Q. Do you have any information on speeding up the drying time of oil pastels on canvas? It appears to take up to a year, and shipping is difficult due to the softness and smearing. Also, what can I seal the finished painting with?
A. Unfortunately, it’s almost impossible to add anything to oil pastels to make them dry faster without losing the special character of the medium. Drying time will vary according to the ingredients in the binder and the thickness of the paint films, but essentially the drying process occurs by the oxidation of the oil, and like oil paints they should generally be given between six months and a year to dry.
Some manufacturers sell a blender, or an unpigmented stick of the vehicle that dries a little faster and can be blended in with your colored sticks. But driers can damage oil paint films as the paints age (consider oil pastels to be semisolid oil paints): They can cause cracking of the films and darkening of the colors. For this reason I think it’s best to avoid using driers in any paint, and I recommend against it.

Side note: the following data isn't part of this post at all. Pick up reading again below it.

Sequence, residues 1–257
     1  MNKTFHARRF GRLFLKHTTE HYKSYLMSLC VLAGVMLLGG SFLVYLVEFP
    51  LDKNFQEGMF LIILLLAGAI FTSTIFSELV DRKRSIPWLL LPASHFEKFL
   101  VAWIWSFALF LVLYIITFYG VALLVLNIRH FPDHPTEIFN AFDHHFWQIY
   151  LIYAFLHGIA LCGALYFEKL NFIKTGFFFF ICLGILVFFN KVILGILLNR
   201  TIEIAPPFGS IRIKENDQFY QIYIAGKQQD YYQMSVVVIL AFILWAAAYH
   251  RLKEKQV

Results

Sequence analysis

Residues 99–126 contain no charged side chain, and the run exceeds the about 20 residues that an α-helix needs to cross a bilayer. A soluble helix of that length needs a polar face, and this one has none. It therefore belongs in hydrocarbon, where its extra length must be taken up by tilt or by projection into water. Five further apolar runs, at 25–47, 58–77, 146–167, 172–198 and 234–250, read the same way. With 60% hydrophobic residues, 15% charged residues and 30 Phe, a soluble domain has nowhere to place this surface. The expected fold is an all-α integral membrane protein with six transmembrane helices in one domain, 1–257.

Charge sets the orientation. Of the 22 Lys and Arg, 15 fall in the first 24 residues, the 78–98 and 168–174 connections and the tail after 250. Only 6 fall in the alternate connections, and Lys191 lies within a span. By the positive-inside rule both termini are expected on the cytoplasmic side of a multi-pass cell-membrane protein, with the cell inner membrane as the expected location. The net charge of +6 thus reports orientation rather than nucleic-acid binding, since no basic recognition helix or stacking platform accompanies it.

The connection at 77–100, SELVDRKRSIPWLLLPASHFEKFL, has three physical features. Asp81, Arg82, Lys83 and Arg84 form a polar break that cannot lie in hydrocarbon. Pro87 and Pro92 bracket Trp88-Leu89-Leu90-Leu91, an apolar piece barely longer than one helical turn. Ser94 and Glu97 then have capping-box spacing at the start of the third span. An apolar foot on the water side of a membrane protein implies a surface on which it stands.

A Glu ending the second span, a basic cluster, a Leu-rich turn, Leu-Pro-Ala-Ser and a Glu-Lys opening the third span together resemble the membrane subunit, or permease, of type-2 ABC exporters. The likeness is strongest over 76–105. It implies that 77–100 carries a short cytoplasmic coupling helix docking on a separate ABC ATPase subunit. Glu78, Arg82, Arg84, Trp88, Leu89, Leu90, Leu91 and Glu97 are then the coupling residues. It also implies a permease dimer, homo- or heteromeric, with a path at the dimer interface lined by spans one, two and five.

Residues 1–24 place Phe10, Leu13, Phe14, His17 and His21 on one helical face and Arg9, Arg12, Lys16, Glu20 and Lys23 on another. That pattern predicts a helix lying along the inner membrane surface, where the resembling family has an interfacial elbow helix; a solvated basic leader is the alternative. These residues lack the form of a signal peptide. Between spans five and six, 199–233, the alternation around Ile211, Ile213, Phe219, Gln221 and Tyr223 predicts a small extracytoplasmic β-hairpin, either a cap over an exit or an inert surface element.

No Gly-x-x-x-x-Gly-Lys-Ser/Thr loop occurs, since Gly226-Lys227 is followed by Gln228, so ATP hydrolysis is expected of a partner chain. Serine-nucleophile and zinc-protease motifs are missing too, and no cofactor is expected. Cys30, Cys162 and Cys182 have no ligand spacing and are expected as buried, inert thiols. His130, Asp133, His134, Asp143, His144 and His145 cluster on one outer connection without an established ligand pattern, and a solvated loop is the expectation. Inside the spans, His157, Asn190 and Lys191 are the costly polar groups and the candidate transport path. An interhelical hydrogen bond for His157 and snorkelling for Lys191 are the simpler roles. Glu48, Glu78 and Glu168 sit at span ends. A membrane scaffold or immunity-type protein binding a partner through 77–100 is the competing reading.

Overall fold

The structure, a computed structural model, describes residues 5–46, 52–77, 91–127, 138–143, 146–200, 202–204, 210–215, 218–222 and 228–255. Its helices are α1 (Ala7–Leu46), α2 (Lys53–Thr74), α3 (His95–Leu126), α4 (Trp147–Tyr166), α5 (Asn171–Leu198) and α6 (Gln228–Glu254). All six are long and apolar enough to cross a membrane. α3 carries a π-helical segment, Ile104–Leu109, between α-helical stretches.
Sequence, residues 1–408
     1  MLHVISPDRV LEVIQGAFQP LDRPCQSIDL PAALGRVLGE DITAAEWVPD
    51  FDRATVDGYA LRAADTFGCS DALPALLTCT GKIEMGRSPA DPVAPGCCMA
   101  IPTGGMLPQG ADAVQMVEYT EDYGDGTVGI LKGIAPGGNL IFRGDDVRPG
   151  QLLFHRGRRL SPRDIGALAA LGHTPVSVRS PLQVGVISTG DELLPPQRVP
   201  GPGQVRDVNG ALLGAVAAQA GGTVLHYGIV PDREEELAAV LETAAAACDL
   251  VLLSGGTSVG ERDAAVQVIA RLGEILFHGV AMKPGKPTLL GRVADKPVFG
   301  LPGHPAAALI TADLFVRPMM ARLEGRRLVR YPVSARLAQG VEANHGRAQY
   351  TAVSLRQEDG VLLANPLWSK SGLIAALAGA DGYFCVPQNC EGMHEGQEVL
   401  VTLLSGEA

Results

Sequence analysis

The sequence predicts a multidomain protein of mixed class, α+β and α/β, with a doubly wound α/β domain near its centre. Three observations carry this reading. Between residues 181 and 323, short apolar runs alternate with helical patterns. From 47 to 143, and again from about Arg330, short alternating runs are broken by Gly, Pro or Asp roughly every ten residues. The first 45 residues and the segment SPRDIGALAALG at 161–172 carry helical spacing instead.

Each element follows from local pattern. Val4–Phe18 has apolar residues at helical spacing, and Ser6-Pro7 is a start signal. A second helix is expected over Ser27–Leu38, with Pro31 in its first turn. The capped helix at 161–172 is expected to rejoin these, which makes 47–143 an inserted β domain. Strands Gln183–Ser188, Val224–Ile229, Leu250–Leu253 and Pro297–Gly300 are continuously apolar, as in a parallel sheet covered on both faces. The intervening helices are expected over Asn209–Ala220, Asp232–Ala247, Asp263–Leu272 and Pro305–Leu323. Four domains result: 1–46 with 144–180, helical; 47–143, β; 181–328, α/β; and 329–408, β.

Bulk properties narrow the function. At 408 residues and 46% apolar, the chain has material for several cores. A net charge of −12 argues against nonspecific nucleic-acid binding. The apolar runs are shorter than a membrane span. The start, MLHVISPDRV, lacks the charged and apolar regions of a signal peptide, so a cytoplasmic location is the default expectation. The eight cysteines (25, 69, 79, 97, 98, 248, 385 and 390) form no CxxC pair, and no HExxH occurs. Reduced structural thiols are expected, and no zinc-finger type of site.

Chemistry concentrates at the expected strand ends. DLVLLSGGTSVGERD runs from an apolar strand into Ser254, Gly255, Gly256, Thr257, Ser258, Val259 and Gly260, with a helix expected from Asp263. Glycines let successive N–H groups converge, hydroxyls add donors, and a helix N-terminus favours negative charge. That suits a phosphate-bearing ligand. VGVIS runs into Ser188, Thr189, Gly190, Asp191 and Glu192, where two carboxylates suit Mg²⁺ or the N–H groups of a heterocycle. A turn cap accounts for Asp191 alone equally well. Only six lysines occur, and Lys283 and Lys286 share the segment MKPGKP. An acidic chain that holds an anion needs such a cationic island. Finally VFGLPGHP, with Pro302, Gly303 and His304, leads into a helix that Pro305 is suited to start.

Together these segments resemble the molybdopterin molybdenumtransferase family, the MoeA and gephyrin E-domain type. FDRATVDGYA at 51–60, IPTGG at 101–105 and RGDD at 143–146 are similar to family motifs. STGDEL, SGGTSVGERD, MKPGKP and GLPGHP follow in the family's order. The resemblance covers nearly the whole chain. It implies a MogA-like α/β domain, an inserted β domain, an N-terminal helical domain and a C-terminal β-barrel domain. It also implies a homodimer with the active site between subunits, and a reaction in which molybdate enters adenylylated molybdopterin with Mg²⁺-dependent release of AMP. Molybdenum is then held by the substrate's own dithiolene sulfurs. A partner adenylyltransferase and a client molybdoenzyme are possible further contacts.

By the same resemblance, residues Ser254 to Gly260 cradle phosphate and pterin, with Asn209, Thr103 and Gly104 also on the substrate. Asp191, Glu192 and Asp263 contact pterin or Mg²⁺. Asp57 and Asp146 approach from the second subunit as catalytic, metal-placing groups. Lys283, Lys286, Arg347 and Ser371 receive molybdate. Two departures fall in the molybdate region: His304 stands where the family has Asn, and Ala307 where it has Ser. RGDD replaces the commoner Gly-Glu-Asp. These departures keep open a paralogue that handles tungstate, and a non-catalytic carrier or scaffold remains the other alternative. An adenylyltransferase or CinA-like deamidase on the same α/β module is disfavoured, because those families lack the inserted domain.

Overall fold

As for varnishing, any surface coating that’s harder than the inherently soft oil pastel will be subject to cracking as the paint continues to move beneath the increasingly rigid coating. But if the brand you’re using is a true oil pastel, with little or no added waxes, then you should be able to apply a light coating of a spray varnish after the painting dries for about a year (or longer for a very thick painting).
To avoid damage to the surfaces of your paintings during shipping, be sure to frame them. Then, as long as the front of the frame projects beyond the picture plane, simply attach a stiff covering of Masonite or heavy corrugated cardboard to protect the delicate surface of the painting. (It’s also a good idea to protect the rear of the painting this way.) This whole package can then be easily crated and shipped.
Mark Gottsegen is an associate professor of art at the University of North Carolina at Greensboro.